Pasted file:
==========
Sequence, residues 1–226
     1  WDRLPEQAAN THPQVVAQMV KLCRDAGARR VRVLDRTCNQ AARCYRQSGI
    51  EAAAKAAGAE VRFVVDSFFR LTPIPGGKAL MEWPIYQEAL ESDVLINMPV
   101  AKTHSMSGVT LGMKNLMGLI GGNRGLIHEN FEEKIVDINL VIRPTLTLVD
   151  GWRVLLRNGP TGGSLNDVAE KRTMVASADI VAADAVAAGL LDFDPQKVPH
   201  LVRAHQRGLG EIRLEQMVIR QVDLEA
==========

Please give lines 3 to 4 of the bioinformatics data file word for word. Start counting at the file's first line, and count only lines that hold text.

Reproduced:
    51  EAAAKAAGAE VRFVVDSFFR LTPIPGGKAL MEWPIYQEAL ESDVLINMPV
   101  AKTHSMSGVT LGMKNLMGLI GGNRGLIHEN FEEKIVDINL VIRPTLTLVD